At the coalface is a reminder that communities and trade unions can work together to campaign for a better society and we need to remember those lessons now.


Bernadette Hyland

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There’s got to be a thesis in this for someone…

Posted by wcmlibrary on November 22, 2012

We are fortunate in having acquired, through the good offices of former UNISON NW Regional Secretary Frank Hont, a full set of the reports of the NALGO/UNISON National Delegate Conferences from 1989 to 2011, plus related papers.  The Conferences have a vibrant life and culture of their own. The various newsletters representing regional, factional and minority groups add to the sometimes carnival atmosphere.

Two items captured my attention:

  • A North West newsletter with a photograph of WCML’s current Treasurer Dennis Maginn on it, dating from 1993!
  • And a spoof report called Tiny Trot, which purports to be a report from a playgroup infiltrated by Trotskyite activists…

Alain Kahan

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Musings on Parliament Week and history…

Posted by wcmlibrary on November 20, 2012

Library volunteer Marjorie, with her musings as she has cleaned books in the Library’s Thomas Paine Room – comparing things she’s read about there with current events –  has inspired us to mark Parliament Week with an object of the month from that room.

The item is William Hone’s 1819 pamphlet ‘The political house that Jack built’.

From 19 to 25 November is Parliament Week, which aims to raise people’s awareness of and engagement with parliamentary democracy. Given that so much of the collection here at the WCML is given to charting the fight for recognition by parliament, the object of the month which we have chosen is a pamphlet from 1819 which satirises the lack of parliamentary democracy. The aim is to show that voting, now seen as a right, was not so long ago a distant dream for the majority of people.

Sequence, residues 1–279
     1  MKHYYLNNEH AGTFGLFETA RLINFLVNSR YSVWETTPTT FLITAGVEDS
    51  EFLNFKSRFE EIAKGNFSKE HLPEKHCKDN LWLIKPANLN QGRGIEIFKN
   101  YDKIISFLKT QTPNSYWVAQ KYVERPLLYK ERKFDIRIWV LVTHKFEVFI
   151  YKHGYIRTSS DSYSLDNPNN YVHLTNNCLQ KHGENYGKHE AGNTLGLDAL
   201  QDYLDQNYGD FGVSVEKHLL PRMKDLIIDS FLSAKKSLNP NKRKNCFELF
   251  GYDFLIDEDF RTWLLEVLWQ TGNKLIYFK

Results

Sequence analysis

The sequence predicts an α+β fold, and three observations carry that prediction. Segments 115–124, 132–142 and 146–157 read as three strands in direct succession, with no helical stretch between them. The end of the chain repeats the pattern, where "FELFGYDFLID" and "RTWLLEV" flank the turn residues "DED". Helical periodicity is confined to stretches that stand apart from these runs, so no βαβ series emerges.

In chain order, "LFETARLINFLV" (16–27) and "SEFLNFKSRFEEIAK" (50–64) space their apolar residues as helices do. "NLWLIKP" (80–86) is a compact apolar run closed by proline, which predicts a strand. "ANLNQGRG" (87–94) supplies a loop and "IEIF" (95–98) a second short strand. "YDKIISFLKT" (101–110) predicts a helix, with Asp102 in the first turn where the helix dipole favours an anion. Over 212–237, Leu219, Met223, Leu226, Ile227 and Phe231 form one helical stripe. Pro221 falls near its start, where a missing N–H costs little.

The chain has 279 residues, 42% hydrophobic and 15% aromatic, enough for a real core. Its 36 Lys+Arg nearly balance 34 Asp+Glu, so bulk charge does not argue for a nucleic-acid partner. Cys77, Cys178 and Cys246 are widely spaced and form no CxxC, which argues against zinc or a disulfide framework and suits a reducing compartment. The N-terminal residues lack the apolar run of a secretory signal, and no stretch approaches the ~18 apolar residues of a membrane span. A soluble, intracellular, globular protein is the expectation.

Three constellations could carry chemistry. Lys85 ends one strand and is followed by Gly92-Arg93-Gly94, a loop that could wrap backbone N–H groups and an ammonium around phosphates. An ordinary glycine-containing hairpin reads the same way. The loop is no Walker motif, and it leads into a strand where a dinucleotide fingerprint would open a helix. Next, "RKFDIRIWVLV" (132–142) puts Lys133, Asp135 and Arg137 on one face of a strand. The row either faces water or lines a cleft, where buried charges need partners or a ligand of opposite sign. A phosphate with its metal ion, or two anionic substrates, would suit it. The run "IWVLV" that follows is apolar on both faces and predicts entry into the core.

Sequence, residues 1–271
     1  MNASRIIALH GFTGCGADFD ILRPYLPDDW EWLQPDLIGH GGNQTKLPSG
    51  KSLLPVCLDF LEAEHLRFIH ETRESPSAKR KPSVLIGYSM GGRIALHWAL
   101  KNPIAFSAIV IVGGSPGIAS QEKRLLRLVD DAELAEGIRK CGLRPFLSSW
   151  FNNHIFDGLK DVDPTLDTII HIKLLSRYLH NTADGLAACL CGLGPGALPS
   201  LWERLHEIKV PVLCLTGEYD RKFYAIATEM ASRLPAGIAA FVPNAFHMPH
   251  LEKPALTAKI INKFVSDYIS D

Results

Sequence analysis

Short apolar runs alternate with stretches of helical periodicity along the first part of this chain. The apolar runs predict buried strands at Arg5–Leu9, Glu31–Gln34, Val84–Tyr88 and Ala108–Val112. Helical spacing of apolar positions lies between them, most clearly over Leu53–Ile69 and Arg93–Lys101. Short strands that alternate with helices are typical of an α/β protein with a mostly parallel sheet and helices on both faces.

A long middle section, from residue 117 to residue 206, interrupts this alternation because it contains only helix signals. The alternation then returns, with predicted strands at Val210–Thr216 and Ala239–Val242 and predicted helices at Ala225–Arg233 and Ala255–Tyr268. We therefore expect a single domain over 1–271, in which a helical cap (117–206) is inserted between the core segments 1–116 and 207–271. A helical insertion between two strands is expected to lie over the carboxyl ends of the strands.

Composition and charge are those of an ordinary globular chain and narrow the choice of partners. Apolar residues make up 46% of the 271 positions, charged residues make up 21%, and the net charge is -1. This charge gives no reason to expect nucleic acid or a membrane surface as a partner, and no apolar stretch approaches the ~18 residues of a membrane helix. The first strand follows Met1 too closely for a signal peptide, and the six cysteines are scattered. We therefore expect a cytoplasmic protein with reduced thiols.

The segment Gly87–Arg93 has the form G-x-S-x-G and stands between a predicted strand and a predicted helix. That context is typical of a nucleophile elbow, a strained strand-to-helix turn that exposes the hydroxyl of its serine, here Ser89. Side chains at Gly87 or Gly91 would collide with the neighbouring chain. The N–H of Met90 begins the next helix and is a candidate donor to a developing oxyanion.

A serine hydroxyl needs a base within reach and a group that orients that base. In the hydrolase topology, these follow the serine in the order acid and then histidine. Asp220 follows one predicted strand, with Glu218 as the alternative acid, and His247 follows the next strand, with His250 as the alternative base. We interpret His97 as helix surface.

The radical printer William Hone published The Political House that Jack Built in 1819, just after the Peterloo Massacre. The pamphlet is a combination of Hone’s pithy rhyming couplets and illustrations by George Cruikshank, who rose to fame on the back of working for Hone. The pamphlet attacks the power and corruption of privilege. For instance Cruikshank drew the then Prince Regent as a fat, bloated dullard, a cork-screw hanging from his pocket to point towards the volume of his majesty’s drinking. The lines Hone included with the image were some of the pamphlet’s most biting:

‘The Dandy of Sixty,
who bows with a grace,
and has taste in wigs, collars,
cuirasses and lace,
Who, to tricksters, and fools,
leaves the state and its treasure,
And, when Britain’s in tears,
sails about at his pleasure’.

Towards the end of the pamphlet there is an image of ‘The People all tattered and torn’. In the background of Cruikshank’s image of despair you can see yeomen attacking the people at Peterloo.

These were people described by Hone as
‘Who, peaceably Meeting
to ask for Reform,
Were sabred by Yeomanry Cavalry,
Were thank’d by THE MAN,
all shaven and shorn’

Later still Cruikshank drew a banner with the slogan ‘Reform’ written upon it. Underneath Hone described this as ‘the watchword, the talisman word’, which during the period it was. Very few people had the vote, and the majority were denied access to their democratic rights. People fought and died for the right to vote. Hone suffered too. In 1817 he was tried for the inflammatory nature of his publications, although he was acquitted.

It was not until 1929 that universal adult suffrage arrived in Britain. With the recent expenses scandal and the apparent apathy of many towards voting, parliamentary democracy may not seem something with which many people are keen to engage. As Parliament Week seeks to celebrate democracy it is worth remembering, however, those who gave up their liberty, and in some cases their lives, to fight for it.

On the final page of The House that Jack Built is a remarkable drawing of a cap of liberty, from which rays emanate (the sun being a historic symbol for political rebirth). Underneath this image are words from William Cowper’s epic poem Task which are as relevant today as they were when he wrote them in 1785, or when Hone used them again in 1819.